Special cases and variants

Minkowski nets / Vacuum representation

Conformal nets

The notion of local net in the context of conformal field theory is a conformal net.


see for instance (Bär-Ginoux 11)


For historical references see at AQFT.

In particular:

Early suggestion of a notion of non-abelian cohomology of local nets of observables with coefficients in \infty -categories (cf. history recalled in Street (2010), p. 9-10):

  • John E. Roberts, Mathematical Aspects of Local Cohomology, in: Algèbres d’opérateurs et leurs applications en physique mathématique, Colloques Internationaux du Centre National de la Recherche Scientifique (C.N.R.S) 274, Paris (1979) 321–332 [ISBN:2-222-02441-2, pdf, pdf]


The axioms of local nets on general spacetimes were first articulated in

A comprehensive review, with plenty of background information, is in

Discussion of Einstein locality of a net of observables equivalently as a descent condition on the system of Bohr toposes induced by the algebras of observables is in

A review of this with some further discussion is in section 6 of

  • Sander Wolters, Quantum toposophy, PhD Thesis 2013 (pdf)

Discussion of properly co-stacky nets of local observables in gauge theory is in

An operad for local nets of observables in AQFT is considered in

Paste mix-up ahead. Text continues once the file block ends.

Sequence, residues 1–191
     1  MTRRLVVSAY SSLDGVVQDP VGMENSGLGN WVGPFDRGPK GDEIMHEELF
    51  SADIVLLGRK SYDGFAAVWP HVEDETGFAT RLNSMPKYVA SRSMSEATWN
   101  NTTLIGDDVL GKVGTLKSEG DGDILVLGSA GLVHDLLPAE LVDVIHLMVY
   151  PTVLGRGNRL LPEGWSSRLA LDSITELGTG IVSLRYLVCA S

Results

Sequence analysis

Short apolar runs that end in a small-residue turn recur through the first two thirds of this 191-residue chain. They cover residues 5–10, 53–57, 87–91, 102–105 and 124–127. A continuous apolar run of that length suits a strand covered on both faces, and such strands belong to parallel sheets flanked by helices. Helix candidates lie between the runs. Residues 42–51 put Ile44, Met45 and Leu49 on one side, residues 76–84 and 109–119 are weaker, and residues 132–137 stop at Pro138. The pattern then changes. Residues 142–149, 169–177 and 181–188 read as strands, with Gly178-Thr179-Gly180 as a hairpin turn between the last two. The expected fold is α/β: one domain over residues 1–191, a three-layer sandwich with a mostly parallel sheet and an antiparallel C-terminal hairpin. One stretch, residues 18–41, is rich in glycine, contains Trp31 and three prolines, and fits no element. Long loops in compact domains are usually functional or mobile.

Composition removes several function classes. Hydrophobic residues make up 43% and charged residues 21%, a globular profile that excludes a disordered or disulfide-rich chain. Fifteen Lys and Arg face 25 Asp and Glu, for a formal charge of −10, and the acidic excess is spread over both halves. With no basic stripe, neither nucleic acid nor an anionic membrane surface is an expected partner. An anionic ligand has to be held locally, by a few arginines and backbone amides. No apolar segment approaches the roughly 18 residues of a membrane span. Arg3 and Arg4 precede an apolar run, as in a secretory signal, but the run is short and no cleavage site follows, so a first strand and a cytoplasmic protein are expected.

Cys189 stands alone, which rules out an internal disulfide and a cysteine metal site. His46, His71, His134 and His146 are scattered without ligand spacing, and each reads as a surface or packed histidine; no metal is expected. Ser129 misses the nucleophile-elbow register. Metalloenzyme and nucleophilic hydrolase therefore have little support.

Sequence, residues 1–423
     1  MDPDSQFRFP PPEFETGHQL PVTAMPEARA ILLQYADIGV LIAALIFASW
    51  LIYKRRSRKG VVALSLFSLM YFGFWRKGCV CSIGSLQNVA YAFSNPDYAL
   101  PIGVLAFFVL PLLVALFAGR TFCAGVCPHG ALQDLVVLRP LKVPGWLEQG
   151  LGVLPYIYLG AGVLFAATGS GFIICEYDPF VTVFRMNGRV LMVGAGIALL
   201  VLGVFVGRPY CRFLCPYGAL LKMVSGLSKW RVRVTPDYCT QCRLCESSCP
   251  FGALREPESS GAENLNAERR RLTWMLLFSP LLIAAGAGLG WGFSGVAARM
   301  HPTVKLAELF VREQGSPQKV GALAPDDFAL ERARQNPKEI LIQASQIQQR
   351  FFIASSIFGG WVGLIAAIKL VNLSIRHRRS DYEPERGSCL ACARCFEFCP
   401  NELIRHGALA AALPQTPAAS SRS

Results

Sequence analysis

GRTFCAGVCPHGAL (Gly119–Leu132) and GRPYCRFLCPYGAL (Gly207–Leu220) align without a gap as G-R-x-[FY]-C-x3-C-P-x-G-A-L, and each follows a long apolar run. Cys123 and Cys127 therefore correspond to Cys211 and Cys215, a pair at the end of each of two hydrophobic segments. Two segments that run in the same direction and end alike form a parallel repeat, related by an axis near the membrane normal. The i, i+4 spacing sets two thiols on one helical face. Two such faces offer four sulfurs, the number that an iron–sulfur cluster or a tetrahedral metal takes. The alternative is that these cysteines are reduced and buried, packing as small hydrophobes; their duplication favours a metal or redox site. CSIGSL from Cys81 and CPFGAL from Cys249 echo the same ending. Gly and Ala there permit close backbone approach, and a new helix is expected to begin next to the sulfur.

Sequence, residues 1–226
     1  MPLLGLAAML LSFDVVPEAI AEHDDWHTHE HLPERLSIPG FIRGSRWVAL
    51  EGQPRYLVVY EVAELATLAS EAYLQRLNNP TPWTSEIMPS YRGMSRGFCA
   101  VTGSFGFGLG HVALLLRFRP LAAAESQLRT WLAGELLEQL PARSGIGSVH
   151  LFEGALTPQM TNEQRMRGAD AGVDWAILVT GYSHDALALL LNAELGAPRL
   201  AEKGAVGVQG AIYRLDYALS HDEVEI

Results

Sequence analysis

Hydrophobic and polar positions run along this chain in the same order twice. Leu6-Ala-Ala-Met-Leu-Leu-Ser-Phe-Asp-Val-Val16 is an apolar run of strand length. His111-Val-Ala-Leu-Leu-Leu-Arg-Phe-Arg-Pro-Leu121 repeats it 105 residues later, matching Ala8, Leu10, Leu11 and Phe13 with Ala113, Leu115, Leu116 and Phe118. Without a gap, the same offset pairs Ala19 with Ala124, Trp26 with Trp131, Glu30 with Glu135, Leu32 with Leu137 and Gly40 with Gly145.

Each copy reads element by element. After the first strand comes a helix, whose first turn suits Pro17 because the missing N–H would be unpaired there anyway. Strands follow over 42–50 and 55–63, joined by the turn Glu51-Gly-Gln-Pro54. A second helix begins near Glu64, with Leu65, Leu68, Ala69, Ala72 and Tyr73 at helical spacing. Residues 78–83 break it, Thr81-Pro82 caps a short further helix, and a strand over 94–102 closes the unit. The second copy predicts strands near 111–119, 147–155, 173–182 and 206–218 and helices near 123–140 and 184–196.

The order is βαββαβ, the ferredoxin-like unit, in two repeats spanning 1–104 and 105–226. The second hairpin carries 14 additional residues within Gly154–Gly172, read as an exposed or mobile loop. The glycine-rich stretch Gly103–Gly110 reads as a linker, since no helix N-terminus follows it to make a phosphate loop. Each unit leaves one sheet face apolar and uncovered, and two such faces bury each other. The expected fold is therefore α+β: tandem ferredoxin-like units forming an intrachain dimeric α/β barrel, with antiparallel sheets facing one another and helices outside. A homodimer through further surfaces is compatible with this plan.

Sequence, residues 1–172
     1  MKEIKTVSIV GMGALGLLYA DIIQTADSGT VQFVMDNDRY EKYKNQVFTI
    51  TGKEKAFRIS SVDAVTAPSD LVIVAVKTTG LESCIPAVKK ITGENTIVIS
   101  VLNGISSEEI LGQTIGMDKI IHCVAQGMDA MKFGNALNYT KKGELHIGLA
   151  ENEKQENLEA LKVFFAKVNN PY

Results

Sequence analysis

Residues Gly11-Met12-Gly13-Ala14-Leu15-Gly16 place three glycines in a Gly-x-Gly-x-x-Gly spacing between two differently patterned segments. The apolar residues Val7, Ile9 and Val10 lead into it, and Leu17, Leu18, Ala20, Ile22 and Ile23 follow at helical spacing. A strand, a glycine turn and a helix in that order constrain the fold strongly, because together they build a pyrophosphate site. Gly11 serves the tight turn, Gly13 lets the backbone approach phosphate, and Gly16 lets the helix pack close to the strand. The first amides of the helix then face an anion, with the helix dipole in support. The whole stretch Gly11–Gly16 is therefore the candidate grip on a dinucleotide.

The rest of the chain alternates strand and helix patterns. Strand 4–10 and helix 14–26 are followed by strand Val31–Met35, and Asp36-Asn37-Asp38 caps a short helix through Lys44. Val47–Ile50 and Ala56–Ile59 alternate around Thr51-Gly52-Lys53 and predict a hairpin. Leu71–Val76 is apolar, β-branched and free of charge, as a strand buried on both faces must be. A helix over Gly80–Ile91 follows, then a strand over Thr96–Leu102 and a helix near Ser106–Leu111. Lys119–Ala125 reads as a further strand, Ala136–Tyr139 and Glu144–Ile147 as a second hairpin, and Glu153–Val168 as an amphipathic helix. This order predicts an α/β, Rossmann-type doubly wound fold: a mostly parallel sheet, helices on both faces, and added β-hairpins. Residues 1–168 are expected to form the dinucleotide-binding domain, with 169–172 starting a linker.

The Boardman-Vogt resolution of the operad for local nets of observables (Benini-Schenkel-Woike 17), lifting it to homotopy AQFT, is considered in


Discussion of standard example includes

  • Christian Bär, N. Ginoux, Classical and quantum fields on lorentzian manifolds, in Global Differential Geometry, Springer Proceedings in Math. 17, Springer-Verlag (2011), 359-400 (arXiv:1104.1158)

In perturbation theory

The observation that in perturbation theory the Stückelberg-Bogoliubov-Epstein-Glaser local S-matrices yield a local net of observables was first made in

  • V. Il’in, D. Slavnov, Observable algebras in the S-matrix approach Theor. Math. Phys. 36 , 32 (1978) (spire, doi)

which was however mostly ignored and forgotten. It is taken up again in

  • Romeo Brunetti, Klaus Fredenhagen, Microlocal Analysis and Interacting Quantum Field Theories: Renormalization on Physical Backgrounds Commun.Math.Phys.208:623-661 (2000) (arXiv)

(a quick survey is in section 8, details are in section 2).

For more on this see at S-matrix and at pAQFT.

Last revised on May 10, 2023 at 05:19:39. See the history of this page for a list of all contributions to it.